A Final Weekend with the Ospreys

One last journey down the wooded track, now starting to be overgrown by the bracken and bramble. It is high summer and there is a heat I haven’t felt here before. This time there are no blackbirds guiding my way on the wing and the only sound is the undergrowth being brushed away by my car. As I break out into the harsh light of the open fields and walk to the river, the air is still and the birds are hushed. An occasional call of a flitting bird breaks the calm but not the cacophony of spring. The flowers are almost gone with the foxgloves dying away and the irises finished; only a few marsh woundwort remain. The insects are here though, the crickets and grasshoppers calling from the long grass, butterflies by the dozen dancing around the meadows and damselflies chasing each other above the river. Perhaps it is the recent heat and the lack of rain, but there appear to be the first tentative signs of autumn in the valley – with the brambles weighed down by a bumper harvest of blackberries and the bracken starting to turn brown. But this is the height of summer, we may be almost two thirds of the way through the season but this is the peak of the heat. The young ospreys, now fledged and learning their trade in the air, now seem to spend their days hiding from the sun beneath the large trees around the nest or wandering further afield to strengthen their wings and seek new lessons.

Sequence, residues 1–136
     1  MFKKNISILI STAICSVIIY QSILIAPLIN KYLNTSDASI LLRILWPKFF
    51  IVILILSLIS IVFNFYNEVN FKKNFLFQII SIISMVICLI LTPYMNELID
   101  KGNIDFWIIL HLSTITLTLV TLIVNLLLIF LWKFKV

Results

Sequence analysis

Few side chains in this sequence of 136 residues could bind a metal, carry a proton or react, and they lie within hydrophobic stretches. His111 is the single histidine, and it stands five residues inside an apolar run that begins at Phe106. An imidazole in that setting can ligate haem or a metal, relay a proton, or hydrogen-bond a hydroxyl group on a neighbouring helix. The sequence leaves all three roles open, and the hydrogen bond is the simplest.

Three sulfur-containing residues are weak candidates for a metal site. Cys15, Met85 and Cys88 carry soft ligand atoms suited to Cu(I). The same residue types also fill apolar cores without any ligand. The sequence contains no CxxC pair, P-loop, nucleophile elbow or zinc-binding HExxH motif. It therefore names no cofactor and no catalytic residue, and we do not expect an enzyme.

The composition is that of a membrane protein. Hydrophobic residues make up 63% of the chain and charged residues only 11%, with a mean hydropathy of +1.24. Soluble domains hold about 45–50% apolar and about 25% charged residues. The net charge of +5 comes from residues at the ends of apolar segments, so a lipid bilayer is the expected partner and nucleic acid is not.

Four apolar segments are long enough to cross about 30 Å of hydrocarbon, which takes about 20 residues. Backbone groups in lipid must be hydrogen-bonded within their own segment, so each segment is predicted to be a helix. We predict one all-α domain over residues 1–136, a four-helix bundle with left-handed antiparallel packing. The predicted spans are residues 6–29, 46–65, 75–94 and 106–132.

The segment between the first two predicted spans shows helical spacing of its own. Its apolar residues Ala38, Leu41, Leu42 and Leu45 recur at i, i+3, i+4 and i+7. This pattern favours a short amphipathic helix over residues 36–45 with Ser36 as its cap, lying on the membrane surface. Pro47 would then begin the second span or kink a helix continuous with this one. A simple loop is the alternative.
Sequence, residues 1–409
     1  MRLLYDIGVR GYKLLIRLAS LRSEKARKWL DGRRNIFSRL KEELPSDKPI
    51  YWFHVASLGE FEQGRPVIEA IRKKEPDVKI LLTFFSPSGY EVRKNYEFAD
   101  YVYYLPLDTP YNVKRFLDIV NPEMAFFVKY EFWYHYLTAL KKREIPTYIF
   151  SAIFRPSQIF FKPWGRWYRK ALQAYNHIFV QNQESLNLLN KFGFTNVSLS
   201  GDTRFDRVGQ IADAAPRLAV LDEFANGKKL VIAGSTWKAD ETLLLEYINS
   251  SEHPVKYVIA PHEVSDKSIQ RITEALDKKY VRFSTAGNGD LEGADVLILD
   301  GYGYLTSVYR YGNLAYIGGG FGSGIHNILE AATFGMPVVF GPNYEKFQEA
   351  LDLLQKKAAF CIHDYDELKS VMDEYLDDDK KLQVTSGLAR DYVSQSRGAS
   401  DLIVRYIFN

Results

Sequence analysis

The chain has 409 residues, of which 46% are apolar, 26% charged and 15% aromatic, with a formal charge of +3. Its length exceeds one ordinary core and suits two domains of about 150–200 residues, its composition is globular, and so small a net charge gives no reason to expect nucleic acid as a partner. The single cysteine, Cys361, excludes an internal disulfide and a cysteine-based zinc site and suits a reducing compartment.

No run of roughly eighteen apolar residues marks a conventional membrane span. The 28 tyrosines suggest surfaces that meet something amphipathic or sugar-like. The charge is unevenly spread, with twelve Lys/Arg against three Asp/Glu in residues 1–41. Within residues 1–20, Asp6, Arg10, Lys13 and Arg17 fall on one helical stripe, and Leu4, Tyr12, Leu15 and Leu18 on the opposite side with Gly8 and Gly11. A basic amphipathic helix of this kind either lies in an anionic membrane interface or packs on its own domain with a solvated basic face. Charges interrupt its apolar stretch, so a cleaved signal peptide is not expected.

These were my last two shifts of the year down at the Glaslyn osprey protection site. The last three and a half months, and nine shifts, have shown the changing seasons as much as progress of the breeding osprey pair and their chicks.  The scenes in the valley have gone from the grey dampness of late winter, through the clean and freshly bright colours of the new leaves and flowers of spring, to the dazzling brightness and drying land of high summer.

I was first to see an egg in the nest this year but missed the hatching. I retuned to see three gawky reptilian chicks only a fortnight old and on each subsequent visit, with weeks in between, they have grown larger and more confident, until now when they are as large as their parents and just as magnificent.